Microsoft testing prototype of Facebook-like social network
Office Labs testing TownSquare network sought by Office, SharePoint developers
Computerworld - BOSTON -- At the request of its SharePoint and Office product development teams, Microsoft Corp.'s Office Labs operation has created and is testing a prototype of an internal social network that can provide employees with feeds and updates about their colleagues.
Chris Pratley, general manager of Office Labs, is slated to disclose details of the prototype -- called TownSquare -- Thursday at the Enterprise 2.0 Conference in Boston. He spoke to Computerworld today about the project, which was launched in January and has already been used by about 8,000 Microsoft employees.
With a layout that is strikingly similar to Facebook's (in which Microsoft invested $240 million in October 2007), TownSquare is fueled by enterprise news feeds that use Web services to query SharePoint for public information, such as promotions and company anniversaries, about an employee.
TownSquare also notifies users when a document or file is modified. Users can customize their feeds and monitor who is receiving information about them.
In early January, Pratley's group told 100 Microsoft employees about the network. Since then, 8,000 employees who learned of TownSquare by word of mouth have visited the network at least once, Pratley noted. About 700 use it daily.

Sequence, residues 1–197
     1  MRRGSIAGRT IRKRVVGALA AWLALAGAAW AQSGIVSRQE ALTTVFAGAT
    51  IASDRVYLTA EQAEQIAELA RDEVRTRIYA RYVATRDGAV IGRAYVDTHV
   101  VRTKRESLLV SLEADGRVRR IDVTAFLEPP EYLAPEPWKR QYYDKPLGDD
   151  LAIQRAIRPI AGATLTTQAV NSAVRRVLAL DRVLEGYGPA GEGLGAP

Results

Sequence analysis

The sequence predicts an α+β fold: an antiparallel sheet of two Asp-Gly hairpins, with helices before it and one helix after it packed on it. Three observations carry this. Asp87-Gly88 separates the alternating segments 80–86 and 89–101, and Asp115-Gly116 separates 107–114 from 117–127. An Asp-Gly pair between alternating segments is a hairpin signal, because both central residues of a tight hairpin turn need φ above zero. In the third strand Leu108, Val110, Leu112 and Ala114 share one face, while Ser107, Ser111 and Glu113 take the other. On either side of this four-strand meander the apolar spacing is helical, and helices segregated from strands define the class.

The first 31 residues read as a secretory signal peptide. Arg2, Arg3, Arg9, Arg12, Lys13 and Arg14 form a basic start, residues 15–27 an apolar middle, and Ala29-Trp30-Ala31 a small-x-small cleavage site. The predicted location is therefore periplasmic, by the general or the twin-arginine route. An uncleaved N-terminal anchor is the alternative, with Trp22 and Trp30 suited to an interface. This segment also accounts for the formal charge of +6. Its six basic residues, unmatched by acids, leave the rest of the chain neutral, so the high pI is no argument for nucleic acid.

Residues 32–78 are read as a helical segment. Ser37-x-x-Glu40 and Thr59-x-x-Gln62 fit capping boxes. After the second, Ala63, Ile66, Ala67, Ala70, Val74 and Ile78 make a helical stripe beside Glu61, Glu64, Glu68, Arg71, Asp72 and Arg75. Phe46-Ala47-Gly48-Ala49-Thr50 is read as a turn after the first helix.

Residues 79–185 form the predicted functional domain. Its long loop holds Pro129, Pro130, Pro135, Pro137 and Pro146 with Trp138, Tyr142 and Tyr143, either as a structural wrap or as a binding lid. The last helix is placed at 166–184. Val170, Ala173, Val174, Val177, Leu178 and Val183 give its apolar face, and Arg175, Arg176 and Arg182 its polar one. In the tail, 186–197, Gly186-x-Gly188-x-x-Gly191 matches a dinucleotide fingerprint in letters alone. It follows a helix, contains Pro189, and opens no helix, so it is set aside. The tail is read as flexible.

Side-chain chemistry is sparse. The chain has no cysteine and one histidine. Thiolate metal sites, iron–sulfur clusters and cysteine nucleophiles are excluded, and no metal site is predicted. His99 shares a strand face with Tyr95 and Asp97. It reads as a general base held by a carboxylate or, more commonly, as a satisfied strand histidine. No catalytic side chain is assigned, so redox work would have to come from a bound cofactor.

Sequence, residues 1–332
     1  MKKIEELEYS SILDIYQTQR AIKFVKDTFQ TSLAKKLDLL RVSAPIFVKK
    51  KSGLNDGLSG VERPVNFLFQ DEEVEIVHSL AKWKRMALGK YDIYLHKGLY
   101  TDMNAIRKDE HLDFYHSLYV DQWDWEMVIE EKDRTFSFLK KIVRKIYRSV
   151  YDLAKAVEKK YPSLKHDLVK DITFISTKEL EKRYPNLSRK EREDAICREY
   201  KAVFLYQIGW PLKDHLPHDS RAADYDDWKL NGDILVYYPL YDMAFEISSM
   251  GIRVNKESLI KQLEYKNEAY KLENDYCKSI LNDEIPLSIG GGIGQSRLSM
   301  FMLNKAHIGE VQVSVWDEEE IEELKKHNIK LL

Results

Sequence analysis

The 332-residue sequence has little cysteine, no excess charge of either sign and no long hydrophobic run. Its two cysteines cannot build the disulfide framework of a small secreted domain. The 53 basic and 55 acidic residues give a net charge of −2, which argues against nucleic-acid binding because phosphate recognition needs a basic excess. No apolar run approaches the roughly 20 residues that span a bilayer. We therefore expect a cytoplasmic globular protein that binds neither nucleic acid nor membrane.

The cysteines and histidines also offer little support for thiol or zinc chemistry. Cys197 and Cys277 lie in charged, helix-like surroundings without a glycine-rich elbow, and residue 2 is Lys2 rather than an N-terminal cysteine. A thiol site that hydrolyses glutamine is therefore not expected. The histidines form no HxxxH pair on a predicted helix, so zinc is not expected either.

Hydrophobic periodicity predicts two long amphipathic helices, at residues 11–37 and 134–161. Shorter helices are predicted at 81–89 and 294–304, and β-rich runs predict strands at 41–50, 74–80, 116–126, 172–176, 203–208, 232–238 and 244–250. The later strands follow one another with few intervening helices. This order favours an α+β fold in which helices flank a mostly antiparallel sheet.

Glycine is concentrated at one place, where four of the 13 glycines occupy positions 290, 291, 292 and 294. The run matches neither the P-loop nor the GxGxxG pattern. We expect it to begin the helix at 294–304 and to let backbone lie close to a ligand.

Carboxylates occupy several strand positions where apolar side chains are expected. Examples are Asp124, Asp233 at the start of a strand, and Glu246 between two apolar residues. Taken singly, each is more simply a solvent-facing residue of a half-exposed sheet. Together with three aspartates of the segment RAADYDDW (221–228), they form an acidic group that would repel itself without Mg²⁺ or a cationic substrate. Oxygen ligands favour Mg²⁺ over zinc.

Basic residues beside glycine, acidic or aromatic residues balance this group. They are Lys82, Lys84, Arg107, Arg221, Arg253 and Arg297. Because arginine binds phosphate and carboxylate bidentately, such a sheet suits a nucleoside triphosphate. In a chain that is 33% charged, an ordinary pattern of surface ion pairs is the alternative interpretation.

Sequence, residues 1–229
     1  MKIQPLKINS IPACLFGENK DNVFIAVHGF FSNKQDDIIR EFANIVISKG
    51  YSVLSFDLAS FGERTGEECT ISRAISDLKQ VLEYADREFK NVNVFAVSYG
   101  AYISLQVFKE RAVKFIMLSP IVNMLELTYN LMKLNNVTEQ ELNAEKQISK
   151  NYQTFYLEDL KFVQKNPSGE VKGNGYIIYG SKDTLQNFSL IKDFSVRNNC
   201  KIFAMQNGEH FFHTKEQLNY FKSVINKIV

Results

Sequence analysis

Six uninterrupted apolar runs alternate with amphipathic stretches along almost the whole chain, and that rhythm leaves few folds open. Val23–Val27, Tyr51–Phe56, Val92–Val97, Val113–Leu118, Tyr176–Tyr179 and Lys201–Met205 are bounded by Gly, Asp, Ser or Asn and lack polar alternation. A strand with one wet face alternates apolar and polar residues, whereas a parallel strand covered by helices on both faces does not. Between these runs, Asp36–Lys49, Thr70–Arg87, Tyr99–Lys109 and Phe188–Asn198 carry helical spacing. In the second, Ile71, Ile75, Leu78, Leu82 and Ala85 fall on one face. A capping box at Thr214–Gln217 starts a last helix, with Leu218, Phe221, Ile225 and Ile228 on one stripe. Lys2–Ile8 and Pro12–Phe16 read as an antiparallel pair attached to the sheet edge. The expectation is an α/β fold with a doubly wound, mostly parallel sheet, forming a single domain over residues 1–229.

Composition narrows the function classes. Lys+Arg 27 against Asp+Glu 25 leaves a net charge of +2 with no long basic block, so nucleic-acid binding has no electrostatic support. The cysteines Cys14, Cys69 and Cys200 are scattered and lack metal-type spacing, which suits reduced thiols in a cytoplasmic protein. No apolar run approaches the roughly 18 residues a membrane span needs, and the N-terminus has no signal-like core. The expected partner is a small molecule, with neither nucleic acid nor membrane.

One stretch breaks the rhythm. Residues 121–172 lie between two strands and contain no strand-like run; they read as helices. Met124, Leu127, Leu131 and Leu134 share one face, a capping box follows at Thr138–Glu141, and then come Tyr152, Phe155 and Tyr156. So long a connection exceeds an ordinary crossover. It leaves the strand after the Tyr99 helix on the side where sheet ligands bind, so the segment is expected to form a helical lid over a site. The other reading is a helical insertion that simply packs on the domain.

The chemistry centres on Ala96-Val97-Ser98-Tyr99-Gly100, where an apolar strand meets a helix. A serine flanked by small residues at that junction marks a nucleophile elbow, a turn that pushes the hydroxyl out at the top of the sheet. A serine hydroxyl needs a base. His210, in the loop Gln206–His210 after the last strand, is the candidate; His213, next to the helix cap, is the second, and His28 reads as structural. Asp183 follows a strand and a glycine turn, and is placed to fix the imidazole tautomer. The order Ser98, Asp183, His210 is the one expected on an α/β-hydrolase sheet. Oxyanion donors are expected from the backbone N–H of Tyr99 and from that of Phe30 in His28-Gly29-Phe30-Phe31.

Some Microsoft customers, which he declined to name, are testing the TownSquare network for use in their companies.
Office Labs works as a sort of advance development team that tests technology concepts suggested by employees and, as in this case, development teams. Pratley stressed that TownSquare is not a product, but a platform to test the technology concepts. By hammering out the various likes and dislikes of its users before releasing a product, "We're trying to get version-three goodness into a first release," he added.
"We have instrumentation … so we know which things people use," Pratley noted. "We share that with the client teams we work with. They take the knowledge about usage so they don't make so many mistakes in product design."
Many third-party vendors have targeted SharePoint as the core data source for information to feed their enterprise social networking and other Enterprise 2.0 applications. Several have announced upgrades to their products or new integration with SharePoint this week at the conference.
Anecdotal evidence has shown that employees like the TownSquare tool, Pratley noted. Employees especially appreciate being able to monitor the creation and editing of documents by colleagues, he added. One employee used the network to find a sponsor within Microsoft to fund her trip to the Enterprise 2.0 Conference.
"That is the kind of information that spreads through an enterprise social network," he said. "By posting it out there, the people interested can pick up on it, and other people can ignore it. It's a way to keep in touch in a social way with people you work with."
Like Facebook, TownSquare also includes photos of users and allows them to note when they are away from their workstations.
Although some employees have expressed initial surprise at all the information that Microsoft has about them in its intranet, once people see the type of information that is included in the feeds about them, "they see it's pretty safe stuff and say OK," Pratley said.
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